New health law on the cards

HARARE - Health and Child Care minister David Parirenyatwa has announced that government is working on a new law which seeks to establish an independent regulatory authority to end disputes between medical aid societies and doctors.

Parirenyatwa told journalists after touring the Sally Mugabe Kidney Transplant unit at Chitungwiza Central Hospital yesterday that his ministry will soon be forwarding the Bill to the Attorney-General for guidance.

“The latest on the medical aid societies is that we want to put forward a Bill, to allow for an authority, because the ministry cannot handle it.

It has to be an authority and that Bill, would enable that,” Parirenyatwa said.

“Yesterday (Wednesday), VaGwinji (ministry of Health and Child Care permanent secretary) was there to try and put the Bill together so that it goes to the AG’s Office.”

Medical aid societies and doctors have been rowing over tariffs and delays in payments in a long drawn-out saga which this year threatened to collapse the entire country’s healthcare system after doctors announced they were rejecting medical aid cards until they were paid more than $220 million owed to them.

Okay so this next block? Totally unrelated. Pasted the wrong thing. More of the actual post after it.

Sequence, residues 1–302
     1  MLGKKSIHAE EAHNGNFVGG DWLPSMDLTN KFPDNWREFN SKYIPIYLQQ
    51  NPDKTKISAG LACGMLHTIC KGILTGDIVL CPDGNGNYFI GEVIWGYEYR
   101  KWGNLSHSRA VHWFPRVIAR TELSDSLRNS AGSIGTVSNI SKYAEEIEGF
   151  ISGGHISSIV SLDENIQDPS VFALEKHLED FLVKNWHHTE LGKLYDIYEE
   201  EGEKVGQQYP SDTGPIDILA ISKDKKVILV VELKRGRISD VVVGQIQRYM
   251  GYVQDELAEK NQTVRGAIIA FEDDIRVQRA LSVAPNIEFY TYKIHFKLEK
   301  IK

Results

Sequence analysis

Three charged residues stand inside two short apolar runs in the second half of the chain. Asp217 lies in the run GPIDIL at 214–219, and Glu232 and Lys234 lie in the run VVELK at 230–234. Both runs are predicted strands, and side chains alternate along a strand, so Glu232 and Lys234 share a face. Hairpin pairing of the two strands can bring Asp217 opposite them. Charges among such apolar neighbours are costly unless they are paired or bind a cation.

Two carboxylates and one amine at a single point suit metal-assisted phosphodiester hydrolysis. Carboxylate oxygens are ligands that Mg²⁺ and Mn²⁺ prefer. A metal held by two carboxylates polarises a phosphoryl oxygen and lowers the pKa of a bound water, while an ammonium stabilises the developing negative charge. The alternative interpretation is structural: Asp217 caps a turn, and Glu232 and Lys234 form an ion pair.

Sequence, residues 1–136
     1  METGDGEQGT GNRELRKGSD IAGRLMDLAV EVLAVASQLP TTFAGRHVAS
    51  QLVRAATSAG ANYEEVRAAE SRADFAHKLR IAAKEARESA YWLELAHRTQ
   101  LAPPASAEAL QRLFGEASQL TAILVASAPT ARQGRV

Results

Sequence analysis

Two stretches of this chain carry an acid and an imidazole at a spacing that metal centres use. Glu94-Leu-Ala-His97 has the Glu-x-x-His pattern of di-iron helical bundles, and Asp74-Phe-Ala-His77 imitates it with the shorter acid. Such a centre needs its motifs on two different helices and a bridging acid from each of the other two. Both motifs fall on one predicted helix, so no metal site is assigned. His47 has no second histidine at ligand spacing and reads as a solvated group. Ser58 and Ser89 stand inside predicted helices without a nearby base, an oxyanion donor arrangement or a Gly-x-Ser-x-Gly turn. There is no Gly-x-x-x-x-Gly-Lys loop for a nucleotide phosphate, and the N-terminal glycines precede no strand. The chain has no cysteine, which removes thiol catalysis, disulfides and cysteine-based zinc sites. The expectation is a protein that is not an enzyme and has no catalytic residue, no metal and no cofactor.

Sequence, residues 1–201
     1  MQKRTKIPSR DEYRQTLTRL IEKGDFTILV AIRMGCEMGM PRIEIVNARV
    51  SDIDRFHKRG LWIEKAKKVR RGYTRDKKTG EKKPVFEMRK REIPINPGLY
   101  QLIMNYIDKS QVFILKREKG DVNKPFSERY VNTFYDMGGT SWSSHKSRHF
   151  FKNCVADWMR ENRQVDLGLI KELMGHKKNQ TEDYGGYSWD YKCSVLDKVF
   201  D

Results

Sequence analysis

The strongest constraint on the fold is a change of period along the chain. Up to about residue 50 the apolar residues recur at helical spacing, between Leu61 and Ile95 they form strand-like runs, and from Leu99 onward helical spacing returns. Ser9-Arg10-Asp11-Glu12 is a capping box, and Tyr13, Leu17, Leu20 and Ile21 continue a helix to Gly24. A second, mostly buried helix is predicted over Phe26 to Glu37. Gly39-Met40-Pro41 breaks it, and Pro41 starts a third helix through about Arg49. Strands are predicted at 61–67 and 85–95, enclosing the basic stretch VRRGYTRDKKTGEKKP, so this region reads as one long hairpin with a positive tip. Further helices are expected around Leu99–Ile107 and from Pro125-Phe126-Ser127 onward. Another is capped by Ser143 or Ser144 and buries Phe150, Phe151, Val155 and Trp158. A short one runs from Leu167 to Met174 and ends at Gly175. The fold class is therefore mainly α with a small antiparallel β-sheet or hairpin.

Meanwhile, government has committed $3,5 million towards the purchasing of drugs which have been in critical shortage at the country’s hospitals.

“We got a letter from the ministry of Finance, which was written to the Reserve Bank governor (John Mangudya) where they have been allowed $3,5 million to purchase drugs using treasury bills.

“I got that letter last week. That would be a very good thing,” Parirenyatwa revealed.

“We have received the letter to say how we do the purchases; it’s now a question of these companies to do the purchases for us.”

On the kidney transplant unit, Parirenyatwa said they were waiting for full equipping of the unit, with medical practitioners for the unit having already gone for further training outside the country.

“They sent people outside the country for further training and those people have come back, it is a question now of finishing the issues of properly equipping it so that it becomes completely operational.

“So, we are giving them a chance to be centre of excellence in kidney transplant in this country,” said Parirenyatwa.

Comments (2)

Dr Pari, what are these TBs backed by? I'm sure you did come accounts or economics before embarking on your medical degree(s)?

Sagitarr - 3 September 2016

The government is the majot ower of medical aid funds,it must own up and pay its dues,after the Cuthbert Dube era of coruption.

chengetanayi - 6 September 2016

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